A Temporal Analysis of Deaths in 122 U.S Cities
Author: Christian Omar Rosado
Introduction and Research Question:
Due to my interest in public health and healthcare informatics, I decided to unearth insights from major U.S cities and their public health records.
During my search, I found a dataset containing deaths over time for 122 U.S. cities (data.gov). High-level exploration of this dataset sparked the question “do trends in deaths exist and can we tie them to significant causes?”
Upon further exploration of the data set, a visualization of deaths over time by age group allowed me to identify a spike in deaths during the 1980s and 1990s for people ages 25 to 44.
After exploring this subgroup, I found death counts varying by city. Some cities showed trends of increasing and decreasing deaths over time, death spikes and drops, and some cities remained steady.
In this project, I sought to find the significant trends in deaths over time for these 122 U.S. cities and any relationships to significant causes.
The methods used in this study include time series event detection via a three-sigma threshold (three standard deviations above and below the mean of deaths for each city) and identifying similarities between cities and their death counts via K-Means and DBSCAN clustering.
I began by visualizing deaths over time for each city. Preliminary findings include a two cities with spikes and drops in deaths and a city outlier with higher death counts that I identified as New York city. After some research, I learned New York city has the largest population in the U.S. (about four times the size of the next largest U.S. city). The gold line in figure one shows deaths over time for New York city. I concluded higher death counts for New York city compared to the rest of the cities is reasonable due to its population size.
Figure 1: Deaths over time for 122 U.S cities
The two spikes shown in figure 1 above are the cities Houston and Saint Louis. After some research of these cities during the periods of the spikes in deaths, I concluded the spikes were most likely due to data collection errors or random and independent causes. I did not find major death causes in news articles for these cities during the time high spikes were recorded.
Figure 3: Deaths over time for Houston
Figure 4: Deaths over time for Saint Louis
Moving forward, I visualized deaths over time for each age group and discovered an interesting spike in deaths for the 25 to 44 age group.
Figure 5: Deaths over time by age group
Zooming into the 25 to 44 age group subset, I identified the spike in deaths to be significant via a three-sigma threshold plotted in red and green using the mean and standard deviation of recorded deaths from 1962 to 1985. The spike is shown below in the shaded red region during the mid-80s and late-90s. I decided to make this subset the focus of my project.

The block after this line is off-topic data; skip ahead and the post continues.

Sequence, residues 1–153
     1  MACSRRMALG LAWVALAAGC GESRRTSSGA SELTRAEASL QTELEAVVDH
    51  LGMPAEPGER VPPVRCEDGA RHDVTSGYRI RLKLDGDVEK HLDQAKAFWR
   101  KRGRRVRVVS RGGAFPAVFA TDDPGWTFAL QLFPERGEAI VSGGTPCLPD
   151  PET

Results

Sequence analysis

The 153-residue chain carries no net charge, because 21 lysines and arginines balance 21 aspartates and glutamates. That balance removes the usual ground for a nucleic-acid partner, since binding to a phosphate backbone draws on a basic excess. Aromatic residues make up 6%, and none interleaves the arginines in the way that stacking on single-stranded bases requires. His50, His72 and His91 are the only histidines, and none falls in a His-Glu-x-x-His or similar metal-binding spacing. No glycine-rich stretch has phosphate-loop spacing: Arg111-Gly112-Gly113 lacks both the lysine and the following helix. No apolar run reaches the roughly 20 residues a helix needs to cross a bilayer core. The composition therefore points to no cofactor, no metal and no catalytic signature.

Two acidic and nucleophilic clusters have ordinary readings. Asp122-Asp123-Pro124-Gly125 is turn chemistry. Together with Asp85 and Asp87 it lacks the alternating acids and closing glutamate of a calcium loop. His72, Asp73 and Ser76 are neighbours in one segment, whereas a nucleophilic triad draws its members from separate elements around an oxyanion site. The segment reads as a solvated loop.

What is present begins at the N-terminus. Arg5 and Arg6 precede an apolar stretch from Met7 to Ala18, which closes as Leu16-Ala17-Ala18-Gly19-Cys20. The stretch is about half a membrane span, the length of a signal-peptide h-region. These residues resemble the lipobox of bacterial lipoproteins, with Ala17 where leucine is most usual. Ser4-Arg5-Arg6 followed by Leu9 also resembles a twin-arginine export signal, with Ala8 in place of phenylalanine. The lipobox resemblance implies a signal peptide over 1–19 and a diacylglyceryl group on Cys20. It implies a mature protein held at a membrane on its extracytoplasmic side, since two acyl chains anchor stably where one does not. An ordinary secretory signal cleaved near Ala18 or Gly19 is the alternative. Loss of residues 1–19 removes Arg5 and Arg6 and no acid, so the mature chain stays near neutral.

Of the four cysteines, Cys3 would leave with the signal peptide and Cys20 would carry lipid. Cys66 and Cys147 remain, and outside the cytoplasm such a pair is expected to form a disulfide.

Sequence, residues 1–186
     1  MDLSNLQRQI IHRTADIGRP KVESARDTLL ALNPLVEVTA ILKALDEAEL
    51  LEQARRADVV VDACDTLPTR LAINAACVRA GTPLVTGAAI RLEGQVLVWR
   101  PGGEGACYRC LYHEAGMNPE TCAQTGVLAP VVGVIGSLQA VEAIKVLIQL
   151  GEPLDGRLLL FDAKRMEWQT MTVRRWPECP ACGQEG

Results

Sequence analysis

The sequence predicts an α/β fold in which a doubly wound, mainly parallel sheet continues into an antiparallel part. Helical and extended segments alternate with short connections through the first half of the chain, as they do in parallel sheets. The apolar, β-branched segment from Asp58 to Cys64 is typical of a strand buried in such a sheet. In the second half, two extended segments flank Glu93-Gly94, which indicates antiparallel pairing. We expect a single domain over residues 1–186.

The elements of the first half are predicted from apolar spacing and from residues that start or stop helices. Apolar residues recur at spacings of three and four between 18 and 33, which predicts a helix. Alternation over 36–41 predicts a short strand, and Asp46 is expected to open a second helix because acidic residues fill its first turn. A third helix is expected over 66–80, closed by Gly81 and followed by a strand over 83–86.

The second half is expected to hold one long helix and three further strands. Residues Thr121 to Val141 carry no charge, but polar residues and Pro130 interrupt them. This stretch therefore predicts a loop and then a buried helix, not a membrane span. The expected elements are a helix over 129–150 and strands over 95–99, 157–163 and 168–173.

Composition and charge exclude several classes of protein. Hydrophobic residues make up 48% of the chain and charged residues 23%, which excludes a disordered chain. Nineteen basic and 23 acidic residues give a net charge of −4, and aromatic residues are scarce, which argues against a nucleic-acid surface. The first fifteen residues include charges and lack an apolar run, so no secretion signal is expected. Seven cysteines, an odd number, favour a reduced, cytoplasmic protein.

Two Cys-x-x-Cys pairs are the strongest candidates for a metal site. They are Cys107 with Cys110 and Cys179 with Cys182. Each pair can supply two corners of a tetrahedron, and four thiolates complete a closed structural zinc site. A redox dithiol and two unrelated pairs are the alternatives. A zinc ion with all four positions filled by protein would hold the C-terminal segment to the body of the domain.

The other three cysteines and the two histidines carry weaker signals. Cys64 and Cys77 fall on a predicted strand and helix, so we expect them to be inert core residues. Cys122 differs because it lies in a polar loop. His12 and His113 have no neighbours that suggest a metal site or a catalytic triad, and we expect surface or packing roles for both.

Figure 6: A significant spike in deaths over time for age group 25 to 44.
Preprocessing Data of People Ages 25-44 Years Old for Analysis:
To perform a clustering analysis on the 122 time-series, I normalized each series to a scale of 0 to 1, drop NaN values (empty cells), and structured the cleaned values into a pandas data frame which clustering algorithms can easily process.
Clustering All Deaths for All Cities
Figure 7: Clusters of deaths over time for all cities and all age groups
This cluster analysis resulted in three trends (clusters): 1) deaths increasing over time, 2) deaths decreasing over time, and 3) deaths remaining steady over time.
Clustering City Deaths from Ages 25-44
Figure 8: Clusters of deaths over time for all cities, ages 25 to 44
The cluster analysis above resulted in four trends (clusters). The red cluster clearly shows the spike in deaths identified in figure 6.
Figure 9: Cluster means for deaths over time for all cities and all age groups
The clusters below clearly show four trends in city deaths. We see some cities recovered from the 80s and 90s spike and some cities did not.
Figure 10: Cluster means for deaths over time for ages 25 to 44
After researching the 80s and 90s decades, I learned U.S. cities were plagued with high crime rates, drug use, and the HIV epidemic. These three factors were major contributions to high death counts during the two decades mentioned above. As a result, President Bill Clinton implemented the 1994 Crime Bill (Violent Crime Control and Law Enforcement Act of 1994).
Via DBSCAN clustering, I identified the two top cities still currently suffering from high death counts in respect to their individual past death counts in the 80s and 90s. The cities identified by the clustering algorithm belong to cluster 2.0 in figure 10. These were Tacoma and Salt Lake City and their deaths over time are visualized below in figures 10 and 11 respectively.
Figure 10: Deaths over time for Tacoma city ages 25 to 44
Figure 11: Deaths over time for Salt Lake City ages 25 to 44
Given data availability and the high sample size of the cities I worked with, I did not analyze crime, drug, and infectious disease data in correlation to death counts.can be explored and identify correlations to the spike in deaths identified during the 80s and 90s. I would have also loved to explore relationships between population size, income, and deaths over time.
If given the opportunity for future analysis, crime, drug, and infectious disease data and ties to the spike in deaths according to these causes can be can be explored further during the 80s and 90s. I would also recommend investigating relationships between population size, income, and deaths over time by city and age group.
Violent Crime Control and Law Enforcement Act of 1994:
Code (iPython Notebook):